1.    “Be passionate about helping people”
To Muriel, this is the most important quality of a Red Cross Volunteer. The reason why the American Red Cross makes a difference is because its volunteers show compassion to every person, regardless of who they are or what his or her circumstances may be. “Even if it is a single-family fire, it’s a disaster to them. Sometimes they just need people to help them- whether it be filling out paperwork, or sitting with them.”

2.    “Be willing to adapt to changes”
Muriel enthusiastically expanded upon this, “if there is one thing I can tell you, volunteering with the American Red Cross will never be boring! There is always something new to learn or some challenges to overcome… you are responding to disasters, disasters by nature are never planned.” According to Muriel, the power of the American Red Cross is its ability to offer relief in the midst of uncertainly.

3.    “Be ready to work as a team, and to make life-long friends.”
Muriel attributes much of her achievement to the supportive Red Cross community. “I have been able to volunteer and remain positive throughout these last 50 years because of he wonderful friends I have made. The American Red Cross is filled with people of every skill and generation.” This diversity is seen in the classroom where Muriel teaches Disaster Medical Assistance to the “next generation” of Red Cross volunteers. For Muriel, the opportunity to see young volunteers dedicate their time and skills gives her hope for the future of the American Red Cross. “It is a volunteer run organization, without these newbies…[and] without this community, we wouldn’t have a Red Cross.”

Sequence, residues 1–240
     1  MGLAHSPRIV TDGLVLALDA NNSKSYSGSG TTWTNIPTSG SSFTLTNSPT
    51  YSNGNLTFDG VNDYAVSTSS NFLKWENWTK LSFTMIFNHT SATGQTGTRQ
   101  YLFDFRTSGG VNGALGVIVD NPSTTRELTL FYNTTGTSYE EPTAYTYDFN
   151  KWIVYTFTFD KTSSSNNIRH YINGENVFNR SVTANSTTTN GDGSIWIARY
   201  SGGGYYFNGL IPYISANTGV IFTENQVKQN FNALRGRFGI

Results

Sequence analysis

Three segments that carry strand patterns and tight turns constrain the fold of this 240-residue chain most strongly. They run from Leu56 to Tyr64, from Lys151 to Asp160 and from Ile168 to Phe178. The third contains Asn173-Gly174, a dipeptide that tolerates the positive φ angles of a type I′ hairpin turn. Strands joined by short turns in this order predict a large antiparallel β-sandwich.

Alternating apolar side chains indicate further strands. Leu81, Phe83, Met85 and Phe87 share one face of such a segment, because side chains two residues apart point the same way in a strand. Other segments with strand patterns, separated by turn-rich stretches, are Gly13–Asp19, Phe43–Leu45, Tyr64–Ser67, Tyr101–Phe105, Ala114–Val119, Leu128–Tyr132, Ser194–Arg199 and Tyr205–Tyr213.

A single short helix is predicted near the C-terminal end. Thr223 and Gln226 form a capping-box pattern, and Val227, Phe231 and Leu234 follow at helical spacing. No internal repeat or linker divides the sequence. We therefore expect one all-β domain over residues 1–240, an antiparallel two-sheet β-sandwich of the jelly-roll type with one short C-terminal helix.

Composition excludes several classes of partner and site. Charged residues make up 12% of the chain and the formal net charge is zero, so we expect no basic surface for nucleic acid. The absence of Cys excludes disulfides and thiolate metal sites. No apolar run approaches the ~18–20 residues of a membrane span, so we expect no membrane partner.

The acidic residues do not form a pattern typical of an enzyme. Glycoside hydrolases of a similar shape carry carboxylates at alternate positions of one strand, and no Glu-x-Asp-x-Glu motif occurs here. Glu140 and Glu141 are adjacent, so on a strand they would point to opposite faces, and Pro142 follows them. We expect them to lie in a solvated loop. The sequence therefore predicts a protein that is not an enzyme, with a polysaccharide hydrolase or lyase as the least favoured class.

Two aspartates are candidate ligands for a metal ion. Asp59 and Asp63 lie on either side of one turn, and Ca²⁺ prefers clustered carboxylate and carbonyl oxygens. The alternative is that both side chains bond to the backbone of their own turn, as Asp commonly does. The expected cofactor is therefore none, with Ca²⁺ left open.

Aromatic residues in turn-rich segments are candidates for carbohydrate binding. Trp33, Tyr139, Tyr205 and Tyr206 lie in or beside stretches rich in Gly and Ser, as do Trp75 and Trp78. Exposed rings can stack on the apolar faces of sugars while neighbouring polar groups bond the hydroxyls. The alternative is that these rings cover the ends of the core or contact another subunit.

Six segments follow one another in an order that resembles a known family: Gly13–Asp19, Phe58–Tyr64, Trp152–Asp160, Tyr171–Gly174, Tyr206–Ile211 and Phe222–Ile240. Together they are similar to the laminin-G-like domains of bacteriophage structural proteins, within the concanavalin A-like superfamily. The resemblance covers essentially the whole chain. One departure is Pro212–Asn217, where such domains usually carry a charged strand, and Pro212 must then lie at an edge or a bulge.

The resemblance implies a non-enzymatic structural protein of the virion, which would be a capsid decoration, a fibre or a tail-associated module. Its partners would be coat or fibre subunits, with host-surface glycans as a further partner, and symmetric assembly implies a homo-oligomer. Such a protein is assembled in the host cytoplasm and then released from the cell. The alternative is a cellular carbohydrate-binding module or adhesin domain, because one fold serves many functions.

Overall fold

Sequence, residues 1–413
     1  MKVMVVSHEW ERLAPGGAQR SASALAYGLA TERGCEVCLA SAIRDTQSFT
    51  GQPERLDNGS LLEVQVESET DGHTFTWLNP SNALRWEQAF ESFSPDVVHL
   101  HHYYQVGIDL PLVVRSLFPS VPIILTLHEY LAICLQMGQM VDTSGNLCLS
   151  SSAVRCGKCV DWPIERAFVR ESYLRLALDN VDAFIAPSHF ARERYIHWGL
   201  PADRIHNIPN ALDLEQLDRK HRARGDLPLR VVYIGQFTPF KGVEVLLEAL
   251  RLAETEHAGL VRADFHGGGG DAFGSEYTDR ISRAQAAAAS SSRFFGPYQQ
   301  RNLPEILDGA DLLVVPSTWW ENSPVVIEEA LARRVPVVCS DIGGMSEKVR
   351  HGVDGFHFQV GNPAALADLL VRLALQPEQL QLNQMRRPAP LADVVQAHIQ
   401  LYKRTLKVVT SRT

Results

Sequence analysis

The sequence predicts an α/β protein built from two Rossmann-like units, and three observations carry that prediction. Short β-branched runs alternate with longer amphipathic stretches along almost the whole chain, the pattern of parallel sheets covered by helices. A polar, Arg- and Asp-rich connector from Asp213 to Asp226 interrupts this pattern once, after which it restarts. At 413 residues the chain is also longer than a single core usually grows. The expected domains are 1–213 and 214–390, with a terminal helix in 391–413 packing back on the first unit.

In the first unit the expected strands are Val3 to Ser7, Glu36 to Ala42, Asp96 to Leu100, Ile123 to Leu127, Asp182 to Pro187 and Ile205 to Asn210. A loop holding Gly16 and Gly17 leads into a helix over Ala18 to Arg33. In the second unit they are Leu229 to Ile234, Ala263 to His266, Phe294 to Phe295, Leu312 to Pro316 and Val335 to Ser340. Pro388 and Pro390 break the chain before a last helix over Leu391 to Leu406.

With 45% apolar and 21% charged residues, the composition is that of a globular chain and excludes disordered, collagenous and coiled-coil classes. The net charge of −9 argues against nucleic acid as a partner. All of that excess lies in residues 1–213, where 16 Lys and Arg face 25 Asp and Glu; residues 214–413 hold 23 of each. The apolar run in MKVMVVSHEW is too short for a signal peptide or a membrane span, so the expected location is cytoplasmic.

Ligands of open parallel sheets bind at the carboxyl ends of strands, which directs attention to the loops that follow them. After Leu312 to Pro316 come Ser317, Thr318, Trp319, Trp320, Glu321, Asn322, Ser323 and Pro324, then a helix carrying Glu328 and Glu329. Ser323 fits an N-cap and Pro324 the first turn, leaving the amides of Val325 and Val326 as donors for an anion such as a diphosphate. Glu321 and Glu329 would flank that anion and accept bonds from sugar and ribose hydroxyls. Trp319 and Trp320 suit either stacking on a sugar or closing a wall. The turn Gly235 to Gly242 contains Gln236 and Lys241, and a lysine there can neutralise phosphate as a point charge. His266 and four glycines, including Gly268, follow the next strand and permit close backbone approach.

In many ways, Muriel’s first actions as an American Red Cross volunteer are symbolic of her continued benevolence over these past 50 years. It’s because of people like Muriel that the American Red Cross, a volunteer-led organization, continues to make an inspiring impact on the world. The Red Cross is grateful for Muriel’s years of service and Muriel hopes her story encourages others to, in turn, “use their skills and talents to help people.”

Click here to learn more about becoming a Red Cross volunteer.

Red Cross Shelter Even Better The Second Night

By Lynette Nyman, Red Cross Staff, Twin Cities Area Chapter, October 22, 2010

Sharon Madigan, 62, and her grandson